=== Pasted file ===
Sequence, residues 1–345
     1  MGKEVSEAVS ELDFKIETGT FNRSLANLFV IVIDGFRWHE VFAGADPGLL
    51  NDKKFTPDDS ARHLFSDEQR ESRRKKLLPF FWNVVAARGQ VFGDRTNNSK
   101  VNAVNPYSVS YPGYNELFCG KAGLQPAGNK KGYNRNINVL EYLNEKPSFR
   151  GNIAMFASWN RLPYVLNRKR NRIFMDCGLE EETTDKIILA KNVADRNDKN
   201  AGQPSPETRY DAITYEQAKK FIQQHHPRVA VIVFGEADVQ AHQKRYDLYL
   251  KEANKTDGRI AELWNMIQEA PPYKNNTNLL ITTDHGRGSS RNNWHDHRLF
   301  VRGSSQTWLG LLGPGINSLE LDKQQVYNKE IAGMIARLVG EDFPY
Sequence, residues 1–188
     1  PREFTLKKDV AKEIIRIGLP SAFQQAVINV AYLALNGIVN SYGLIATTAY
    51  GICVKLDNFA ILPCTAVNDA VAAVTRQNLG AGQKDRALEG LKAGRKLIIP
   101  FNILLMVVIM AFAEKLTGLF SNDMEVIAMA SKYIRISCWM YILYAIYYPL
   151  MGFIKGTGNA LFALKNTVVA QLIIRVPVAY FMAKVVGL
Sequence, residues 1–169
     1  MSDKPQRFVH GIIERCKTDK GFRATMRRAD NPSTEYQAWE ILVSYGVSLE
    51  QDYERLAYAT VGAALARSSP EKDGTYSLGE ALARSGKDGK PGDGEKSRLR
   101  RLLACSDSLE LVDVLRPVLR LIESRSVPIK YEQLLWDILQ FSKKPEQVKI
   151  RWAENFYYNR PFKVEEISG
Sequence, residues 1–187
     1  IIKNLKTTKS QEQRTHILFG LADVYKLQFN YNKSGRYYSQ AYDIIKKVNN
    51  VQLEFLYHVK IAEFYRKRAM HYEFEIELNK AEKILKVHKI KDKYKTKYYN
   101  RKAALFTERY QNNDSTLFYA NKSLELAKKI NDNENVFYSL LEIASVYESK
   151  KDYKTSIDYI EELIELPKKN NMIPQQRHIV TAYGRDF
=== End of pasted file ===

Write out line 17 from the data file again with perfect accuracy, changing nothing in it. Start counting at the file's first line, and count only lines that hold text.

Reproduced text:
   101  RLLACSDSLE LVDVLRPVLR LIESRSVPIK YEQLLWDILQ FSKKPEQVKI